History is not a good predictor of President Trump. He defies convention in nearly every way. He has flouted most political norms and lived to tell the tale. To apply the lessons of the past to the politics of today is largely a fool’s errand.
That said, there might be something to learn from the government shutdowns of 1995-96 and 2013.
Republicans are in almost the same position that forced them to cave those two times (if not worse). That doesn’t mean they will give in again, but it does suggest that a dire set of circumstances has forced their hand before. To the extent they stick it out, it will be because of one thing: Trump’s stubbornness. And it risks coming at the type of political cost they very clearly feared in the past.
A slew of polls in recent days have shown that Americans blame Trump and the Republicans more than Democrats by between a 20-point margin and a 26-point margin. A Washington Post-ABC News poll showed that 53 percent blame Trump and the GOP, vs. 29 percent for Democrats, a 24-point gap.
That’s remarkably similar to how the numbers looked toward the tail end of the 2013 shutdown. At the time, the same Post-ABC poll showed the exact same split — 53 percent blamed Republicans, while 29 percent blamed President Barack Obama. An NBC News-Wall Street Journal poll had the split at 22 points (53 percent vs. 31 percent).
The last big shutdown before that came in 1995 and early 1996, when the new GOP-led Congress forced a 21-day impasse with a then-wounded President Bill Clinton over how to balance the budget. Post-ABC polling then showed a 23-point split, with 50 percent blaming Republicans vs. 27 percent blaming Clinton. A CBS poll also put the gap at 23 points (51 percent vs. 28 percent).
What happened in each of those shutdowns? Republicans asked for something extra, and they used the shutdown to push for it. Then the American people blamed them for the shutdown — unambiguously — and they gave up.
The 2013 shutdown seemed to be a lost cause from the start, given how massive the demand was: Republicans wanted the Affordable Care Act defunded, which was a much bigger ask than a budget concession or even $5 billion for a U.S.-Mexico border wall. Democrats were never going to scrap Obama’s signature health-care law, but GOP leaders gave Sen. Ted Cruz (R-Tex.) and the party’s more extreme wing 16 days to try, and then accepted defeat.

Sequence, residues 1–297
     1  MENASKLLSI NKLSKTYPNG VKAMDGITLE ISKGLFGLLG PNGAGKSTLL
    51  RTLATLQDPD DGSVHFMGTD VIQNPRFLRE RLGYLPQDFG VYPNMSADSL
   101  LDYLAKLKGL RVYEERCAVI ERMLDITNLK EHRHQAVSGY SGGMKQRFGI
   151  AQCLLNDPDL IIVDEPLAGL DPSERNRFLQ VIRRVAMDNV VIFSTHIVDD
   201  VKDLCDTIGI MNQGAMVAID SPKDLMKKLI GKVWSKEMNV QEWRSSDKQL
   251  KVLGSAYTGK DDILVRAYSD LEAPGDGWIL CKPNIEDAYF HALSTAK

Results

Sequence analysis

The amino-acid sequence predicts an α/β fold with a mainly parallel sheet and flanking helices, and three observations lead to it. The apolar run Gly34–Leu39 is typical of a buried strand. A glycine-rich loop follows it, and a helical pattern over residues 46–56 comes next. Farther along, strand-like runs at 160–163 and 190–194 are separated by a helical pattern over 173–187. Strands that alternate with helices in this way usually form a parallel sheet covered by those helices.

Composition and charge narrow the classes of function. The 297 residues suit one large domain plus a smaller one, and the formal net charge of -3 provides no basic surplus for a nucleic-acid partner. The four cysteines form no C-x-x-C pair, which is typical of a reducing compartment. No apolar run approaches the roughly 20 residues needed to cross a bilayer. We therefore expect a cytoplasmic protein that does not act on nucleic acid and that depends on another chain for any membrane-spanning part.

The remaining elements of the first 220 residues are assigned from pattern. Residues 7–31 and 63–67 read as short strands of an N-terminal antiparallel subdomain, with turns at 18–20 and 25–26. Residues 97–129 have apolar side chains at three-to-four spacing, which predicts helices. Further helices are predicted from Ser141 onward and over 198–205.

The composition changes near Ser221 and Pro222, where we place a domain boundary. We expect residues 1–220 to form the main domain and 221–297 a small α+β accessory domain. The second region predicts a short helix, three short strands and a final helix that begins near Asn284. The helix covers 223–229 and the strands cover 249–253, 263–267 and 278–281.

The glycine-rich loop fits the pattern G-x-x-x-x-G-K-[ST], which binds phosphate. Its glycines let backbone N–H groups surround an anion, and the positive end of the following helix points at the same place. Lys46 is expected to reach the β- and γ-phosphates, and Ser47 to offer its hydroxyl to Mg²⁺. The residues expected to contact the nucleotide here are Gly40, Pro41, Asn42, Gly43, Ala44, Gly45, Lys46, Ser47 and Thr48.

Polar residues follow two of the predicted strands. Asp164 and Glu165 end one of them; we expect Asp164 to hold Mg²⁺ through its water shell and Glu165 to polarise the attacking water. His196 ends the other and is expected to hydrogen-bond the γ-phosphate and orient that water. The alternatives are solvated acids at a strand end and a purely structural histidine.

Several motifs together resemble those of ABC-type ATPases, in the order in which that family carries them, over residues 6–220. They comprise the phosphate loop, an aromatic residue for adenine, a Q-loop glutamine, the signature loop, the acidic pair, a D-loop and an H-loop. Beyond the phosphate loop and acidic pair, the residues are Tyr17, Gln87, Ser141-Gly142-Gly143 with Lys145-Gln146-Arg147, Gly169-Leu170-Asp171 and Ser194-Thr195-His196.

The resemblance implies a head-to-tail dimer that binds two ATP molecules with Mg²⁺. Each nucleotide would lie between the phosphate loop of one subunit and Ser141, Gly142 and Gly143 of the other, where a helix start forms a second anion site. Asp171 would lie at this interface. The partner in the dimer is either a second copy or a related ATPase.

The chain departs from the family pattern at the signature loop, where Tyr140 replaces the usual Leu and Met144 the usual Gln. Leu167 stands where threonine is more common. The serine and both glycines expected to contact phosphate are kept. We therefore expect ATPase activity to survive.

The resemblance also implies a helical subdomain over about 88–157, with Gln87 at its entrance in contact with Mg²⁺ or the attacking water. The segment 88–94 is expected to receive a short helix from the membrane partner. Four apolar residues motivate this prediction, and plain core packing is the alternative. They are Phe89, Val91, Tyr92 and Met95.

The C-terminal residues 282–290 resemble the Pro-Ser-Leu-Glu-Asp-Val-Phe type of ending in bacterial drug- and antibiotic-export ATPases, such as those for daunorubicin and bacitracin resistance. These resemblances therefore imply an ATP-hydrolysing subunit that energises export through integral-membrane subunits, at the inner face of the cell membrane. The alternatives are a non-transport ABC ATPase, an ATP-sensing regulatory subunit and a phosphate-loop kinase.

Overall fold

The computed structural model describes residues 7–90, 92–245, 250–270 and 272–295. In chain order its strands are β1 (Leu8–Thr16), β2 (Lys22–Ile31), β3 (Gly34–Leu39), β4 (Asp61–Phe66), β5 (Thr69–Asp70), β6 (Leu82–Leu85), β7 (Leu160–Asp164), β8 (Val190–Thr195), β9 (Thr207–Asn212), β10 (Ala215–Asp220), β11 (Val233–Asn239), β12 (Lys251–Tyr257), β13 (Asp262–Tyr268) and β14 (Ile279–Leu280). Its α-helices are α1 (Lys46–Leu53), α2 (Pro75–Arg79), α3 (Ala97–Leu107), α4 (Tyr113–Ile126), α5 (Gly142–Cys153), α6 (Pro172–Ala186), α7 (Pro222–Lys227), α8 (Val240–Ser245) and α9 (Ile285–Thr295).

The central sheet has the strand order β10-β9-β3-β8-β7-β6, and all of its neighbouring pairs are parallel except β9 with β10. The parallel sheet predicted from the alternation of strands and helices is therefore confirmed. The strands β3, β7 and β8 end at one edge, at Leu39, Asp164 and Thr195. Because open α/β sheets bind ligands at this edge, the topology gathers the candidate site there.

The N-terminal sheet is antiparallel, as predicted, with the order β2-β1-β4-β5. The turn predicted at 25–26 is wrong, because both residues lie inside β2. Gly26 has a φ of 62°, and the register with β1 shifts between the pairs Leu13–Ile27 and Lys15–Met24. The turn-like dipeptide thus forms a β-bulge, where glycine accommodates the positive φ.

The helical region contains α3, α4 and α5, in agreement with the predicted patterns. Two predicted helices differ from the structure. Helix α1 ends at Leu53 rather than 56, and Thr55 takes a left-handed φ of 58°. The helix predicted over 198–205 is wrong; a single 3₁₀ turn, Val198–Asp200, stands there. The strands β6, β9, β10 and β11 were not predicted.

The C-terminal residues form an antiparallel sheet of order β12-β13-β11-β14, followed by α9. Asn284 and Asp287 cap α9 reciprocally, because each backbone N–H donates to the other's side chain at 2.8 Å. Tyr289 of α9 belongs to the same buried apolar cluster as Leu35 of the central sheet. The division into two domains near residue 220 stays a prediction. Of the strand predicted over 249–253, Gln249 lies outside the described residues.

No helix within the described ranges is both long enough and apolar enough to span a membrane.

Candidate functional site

Republican leaders also gave the 1995-96 shutdown about three weeks before Senate Republicans caved and (eventually) persuaded then-Speaker Newt Gingrich (R-Ga.) and House Republicans to cave with them. As The Post’s Glenn Kessler wrote at the time:
But last week, it was Gingrich who blinked. The three-week government shutdown had turned into a public relations debacle for increasingly isolated House Republicans. Clinton showed no sign of yielding, and Senate Republicans — led by Clinton’s probable presidential rival Sen. Bob Dole (R-Kan.) — had already voted to reopen the government without conditions.
The plan passed Friday by Congress, which brings workers back until at least Jan. 26 — but will not give many the funds to do their jobs — in fact is an admission that the strategy was a failure, Republican lawmakers privately admitted.
A survey from Wednesday suggests a similar GOP deficit. A CBS News poll found that 71 percent of people say building a border wall is not worth the current shutdown, while 28 percent say it is. Even as polls have shown that about 4 in 10 people favor a border wall, some of them are clearly unhappy with the cost that comes with trying to make that happen.
The numbers mirrored that in 2013, when an NBC News-WSJ poll asked whether people wanted to continue the shutdown. Although 36 percent favored the concept of defunding the Affordable Care Act, 23 percent wanted to keep the shutdown going for it. Fully 63 percent wanted it to end. Six days later, Republicans gave in to reality.
Republicans will argue that the 2013 shutdown was overblown. They won big in the 2014 midterm election, after all. But that was after a ragged rollout of the health-care law overshadowed whatever people remembered of the shutdown.
The more apt comparison might be to 1995-96, when Republicans were riding high off the 1994 Republican Revolution and trying to assert their dominance over Clinton. They had an ambitious agenda, and they were forcing the issue. But Clinton used the shutdown as a cudgel in his 1996 State of the Union address, which was delivered shortly after the shutdown ended, and the whole mess quickly forced the GOP to abandon some of its boldest proposals. By late 1996, Clinton had sailed to reelection.
That doesn’t mean Republicans will suffer a similar fate if they keep pressing on the current 32-day shutdown; every impasse is different, and there is plenty more time before the 2020 presidential election. But this is clearly the danger zone, and GOP leaders are stuck between supporting their president and worrying about the party’s future. Democrats, meanwhile, have very little reason to give in, seeing as the American people strongly side with them.
The setup is strikingly familiar; the outcome is anybody’s guess.